Syrian Lentils with
Lemon (Adas bi' l-Hamid)
The appearance of pomegranate molasses
in the cooked vegetable dishes of Syria usually indicates that
the dish is influenced by an Aleppine cook. Syria has long been
famous for its pomegranates and Aleppo for its cuisine. The great
Umayyad dynasty in Syria in the eighth century was noted for
its agricultural achievements as much as its military ones. A
branch of the Umayyad dynasty was found in Spain, too. The Spanish
Umayyad caliph Abd-ar-Rabman I (756-788), perhaps the greatest
Arab general who ever lived, defeating in turn his Abbasid enemies
in Iraq as well as Charlemagne, sent one of his agents to Syria
to bring back an exquisite new pomegranate called the safari,
which he planted in the garden park surrounding his palace of
al-Rusafa outside of Córdoba.
The combination of pomegranate, garlic, and fresh coriander
is a Syrian favorite in this recipe given to me by Nadia Koudmani,
a Palestinian living in Damascus. It is one of my favorite lentil
recipes, yet no one in Syria could tell me why it is called "with
lemon" rather than "with chard," with "garlic
and coriander," or "with pomegranate," the other
important flavors in the dish.
The garlic should be mashed in a mortar with a pestle
the food processor will not work. Some people find this to be
a very garlicky recipe, but it is an authentic recipe and I happen
to like it this way, though you can feel free to cut the garlic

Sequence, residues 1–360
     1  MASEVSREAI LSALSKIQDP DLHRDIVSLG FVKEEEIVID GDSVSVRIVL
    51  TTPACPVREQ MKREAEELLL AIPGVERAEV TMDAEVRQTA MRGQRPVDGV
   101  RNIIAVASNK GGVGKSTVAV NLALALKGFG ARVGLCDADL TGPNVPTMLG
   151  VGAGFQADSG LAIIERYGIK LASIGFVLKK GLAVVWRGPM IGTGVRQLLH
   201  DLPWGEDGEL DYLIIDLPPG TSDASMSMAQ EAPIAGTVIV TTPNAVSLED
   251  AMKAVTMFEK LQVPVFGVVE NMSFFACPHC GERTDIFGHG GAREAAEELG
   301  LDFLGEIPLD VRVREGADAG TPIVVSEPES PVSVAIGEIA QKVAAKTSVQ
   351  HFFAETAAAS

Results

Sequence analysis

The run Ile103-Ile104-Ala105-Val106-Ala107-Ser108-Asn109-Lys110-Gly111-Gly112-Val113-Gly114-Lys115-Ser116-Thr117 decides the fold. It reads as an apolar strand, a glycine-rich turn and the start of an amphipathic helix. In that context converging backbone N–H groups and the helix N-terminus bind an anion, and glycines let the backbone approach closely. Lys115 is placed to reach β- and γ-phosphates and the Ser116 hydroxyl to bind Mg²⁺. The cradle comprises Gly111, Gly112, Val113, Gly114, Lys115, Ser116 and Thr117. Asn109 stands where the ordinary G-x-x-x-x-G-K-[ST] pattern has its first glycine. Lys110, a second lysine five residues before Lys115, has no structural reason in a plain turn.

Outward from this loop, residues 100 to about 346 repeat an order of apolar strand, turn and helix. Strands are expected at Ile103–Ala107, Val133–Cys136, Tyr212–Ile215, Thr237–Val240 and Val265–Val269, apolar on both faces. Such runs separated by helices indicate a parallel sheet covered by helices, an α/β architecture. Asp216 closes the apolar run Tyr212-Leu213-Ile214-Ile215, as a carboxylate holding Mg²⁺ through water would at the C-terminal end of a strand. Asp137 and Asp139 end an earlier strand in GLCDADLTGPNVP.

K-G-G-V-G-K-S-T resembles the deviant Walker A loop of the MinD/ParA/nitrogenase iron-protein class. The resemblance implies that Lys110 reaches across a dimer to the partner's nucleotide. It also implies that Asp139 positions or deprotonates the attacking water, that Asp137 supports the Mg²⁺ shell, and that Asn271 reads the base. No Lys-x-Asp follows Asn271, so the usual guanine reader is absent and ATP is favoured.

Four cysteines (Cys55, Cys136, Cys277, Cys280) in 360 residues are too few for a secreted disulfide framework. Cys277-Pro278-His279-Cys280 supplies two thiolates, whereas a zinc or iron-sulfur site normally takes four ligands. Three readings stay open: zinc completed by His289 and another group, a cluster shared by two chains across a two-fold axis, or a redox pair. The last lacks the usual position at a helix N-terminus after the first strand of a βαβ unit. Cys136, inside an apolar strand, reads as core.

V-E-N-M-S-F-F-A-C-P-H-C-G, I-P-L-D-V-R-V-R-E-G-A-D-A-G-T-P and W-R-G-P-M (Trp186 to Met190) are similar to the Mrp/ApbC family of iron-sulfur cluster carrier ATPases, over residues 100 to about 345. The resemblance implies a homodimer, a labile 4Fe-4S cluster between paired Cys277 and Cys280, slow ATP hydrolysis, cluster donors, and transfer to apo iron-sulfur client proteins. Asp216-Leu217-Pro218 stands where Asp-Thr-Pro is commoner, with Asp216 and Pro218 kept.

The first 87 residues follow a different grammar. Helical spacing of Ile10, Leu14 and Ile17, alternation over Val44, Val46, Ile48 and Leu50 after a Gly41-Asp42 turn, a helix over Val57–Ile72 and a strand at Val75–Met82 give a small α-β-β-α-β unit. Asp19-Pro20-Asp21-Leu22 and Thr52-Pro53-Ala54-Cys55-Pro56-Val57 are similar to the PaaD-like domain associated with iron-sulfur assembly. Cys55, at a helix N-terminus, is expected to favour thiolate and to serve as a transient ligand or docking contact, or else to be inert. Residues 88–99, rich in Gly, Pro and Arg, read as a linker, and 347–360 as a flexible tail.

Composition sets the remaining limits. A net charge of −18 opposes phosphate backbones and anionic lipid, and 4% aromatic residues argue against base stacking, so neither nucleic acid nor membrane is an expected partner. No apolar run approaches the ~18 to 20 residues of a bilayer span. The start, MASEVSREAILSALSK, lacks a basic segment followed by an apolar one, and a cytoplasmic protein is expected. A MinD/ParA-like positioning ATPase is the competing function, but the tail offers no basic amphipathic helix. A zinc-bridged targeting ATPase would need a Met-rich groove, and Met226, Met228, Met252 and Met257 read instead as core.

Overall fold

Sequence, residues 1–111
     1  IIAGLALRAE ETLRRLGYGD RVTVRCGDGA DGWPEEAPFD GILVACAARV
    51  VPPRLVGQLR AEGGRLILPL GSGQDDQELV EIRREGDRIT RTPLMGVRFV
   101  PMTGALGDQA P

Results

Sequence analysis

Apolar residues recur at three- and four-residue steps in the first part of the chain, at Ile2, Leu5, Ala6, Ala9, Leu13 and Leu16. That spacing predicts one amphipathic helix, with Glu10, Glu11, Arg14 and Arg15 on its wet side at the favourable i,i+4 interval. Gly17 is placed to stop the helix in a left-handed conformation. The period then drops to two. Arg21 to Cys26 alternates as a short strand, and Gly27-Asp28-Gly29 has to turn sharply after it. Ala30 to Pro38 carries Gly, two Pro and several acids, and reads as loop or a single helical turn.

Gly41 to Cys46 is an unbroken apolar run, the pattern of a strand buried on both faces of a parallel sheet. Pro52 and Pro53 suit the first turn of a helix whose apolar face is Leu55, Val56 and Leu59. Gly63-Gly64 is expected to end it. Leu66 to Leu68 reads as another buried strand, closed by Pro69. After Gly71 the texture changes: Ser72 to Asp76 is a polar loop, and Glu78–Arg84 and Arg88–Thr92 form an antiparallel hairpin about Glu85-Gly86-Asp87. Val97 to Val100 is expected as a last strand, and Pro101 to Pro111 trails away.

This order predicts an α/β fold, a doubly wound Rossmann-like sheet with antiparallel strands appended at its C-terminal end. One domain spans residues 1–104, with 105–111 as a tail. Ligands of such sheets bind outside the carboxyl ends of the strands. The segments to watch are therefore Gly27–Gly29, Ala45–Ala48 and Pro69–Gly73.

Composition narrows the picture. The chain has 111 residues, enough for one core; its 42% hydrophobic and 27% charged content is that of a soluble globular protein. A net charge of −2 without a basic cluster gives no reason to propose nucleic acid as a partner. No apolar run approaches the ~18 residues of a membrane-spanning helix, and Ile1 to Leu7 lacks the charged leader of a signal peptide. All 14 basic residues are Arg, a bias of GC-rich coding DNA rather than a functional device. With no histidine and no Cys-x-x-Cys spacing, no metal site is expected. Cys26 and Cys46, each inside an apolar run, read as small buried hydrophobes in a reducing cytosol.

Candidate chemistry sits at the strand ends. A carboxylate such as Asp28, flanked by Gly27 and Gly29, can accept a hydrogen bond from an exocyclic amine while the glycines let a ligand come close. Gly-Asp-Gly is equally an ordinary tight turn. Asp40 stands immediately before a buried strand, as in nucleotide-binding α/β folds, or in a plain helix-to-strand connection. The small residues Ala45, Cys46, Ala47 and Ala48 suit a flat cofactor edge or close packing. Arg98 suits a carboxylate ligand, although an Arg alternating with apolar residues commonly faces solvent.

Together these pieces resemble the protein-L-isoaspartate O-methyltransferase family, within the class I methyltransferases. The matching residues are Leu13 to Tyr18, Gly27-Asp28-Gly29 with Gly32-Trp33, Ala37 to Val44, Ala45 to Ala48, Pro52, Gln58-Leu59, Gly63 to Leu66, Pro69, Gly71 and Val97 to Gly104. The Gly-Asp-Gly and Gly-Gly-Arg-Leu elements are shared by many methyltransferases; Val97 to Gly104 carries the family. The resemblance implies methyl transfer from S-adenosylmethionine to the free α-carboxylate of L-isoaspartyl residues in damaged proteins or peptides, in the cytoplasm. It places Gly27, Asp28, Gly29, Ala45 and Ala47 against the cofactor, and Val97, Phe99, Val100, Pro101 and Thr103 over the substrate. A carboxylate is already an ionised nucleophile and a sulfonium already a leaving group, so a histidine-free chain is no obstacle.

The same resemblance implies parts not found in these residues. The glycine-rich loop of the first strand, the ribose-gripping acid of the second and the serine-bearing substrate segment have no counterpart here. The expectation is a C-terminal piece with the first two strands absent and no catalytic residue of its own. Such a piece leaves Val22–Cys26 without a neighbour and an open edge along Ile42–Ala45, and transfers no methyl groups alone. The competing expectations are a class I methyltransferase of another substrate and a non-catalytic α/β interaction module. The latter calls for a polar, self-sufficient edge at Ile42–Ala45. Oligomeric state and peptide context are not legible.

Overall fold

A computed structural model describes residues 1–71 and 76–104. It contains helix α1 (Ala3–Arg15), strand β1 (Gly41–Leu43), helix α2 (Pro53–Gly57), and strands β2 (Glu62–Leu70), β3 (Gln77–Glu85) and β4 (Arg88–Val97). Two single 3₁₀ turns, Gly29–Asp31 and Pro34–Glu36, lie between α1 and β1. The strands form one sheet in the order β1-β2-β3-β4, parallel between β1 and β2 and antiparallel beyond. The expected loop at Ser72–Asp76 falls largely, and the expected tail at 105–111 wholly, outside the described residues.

in half if you must.
- 1-1/2 cups dried green or brown lentils, picked over and
- 1/4 cup extra virgin olive oil, plus extra for drizzling
- 5 large Swiss chard leaves, washed well, stems removed, and
sliced into thin strips crosswise
- 2 tablespoons mashed garlic (about 8 large garlic cloves)
- 3/4 cup finely chopped fresh coriander (cilantro, leaves
from 1 to 2 bunches)
- 1 cup water
- 1 tablespoon fresh lemon juice
- 2 tablespoons pomegranate molasses
1. Bring a pot of lightly salted water to a boil and
cook the lentils until tender, 20 to 45 minutes, check often
because the cooking time varies depending on the age of the lentils.
Drain and set aside.
2. In a medium-size nonreactive skillet, heat 1 tablespoon
of the olive oil over medium-high heat, then cook the Swiss chard
until it wilts, 1 to 2 minutes. Remove and drain off any liquid.
3. In the same skillet, beat the remaining 3 tablespoons
olive oil over medium-high heat. Add the garlic and coriander
and cook until sizzling, 1 to 2 minutes, stirring constantly.
Reduce the heat to medium, add the Swiss chard, drained lentils,
and water, and cook for 10 minutes, stirring frequently. Add
the lemon juice and pomegranate molasses and continue cooking
until the lentils look mushy, about another 10 minutes. Transfer
to a serving bowl and drizzle a small amount of olive oil over
it before serving.
Say Bismillah and eat!
Recipe from "A Mediterranean Feast
The Story of the Birth of the Celebrated Cuisines
of the Mediterranean, from the Merchants of
Venice to the Barbary Corsairs,
with More Than 500 Recipes"
By Clifford A. Wright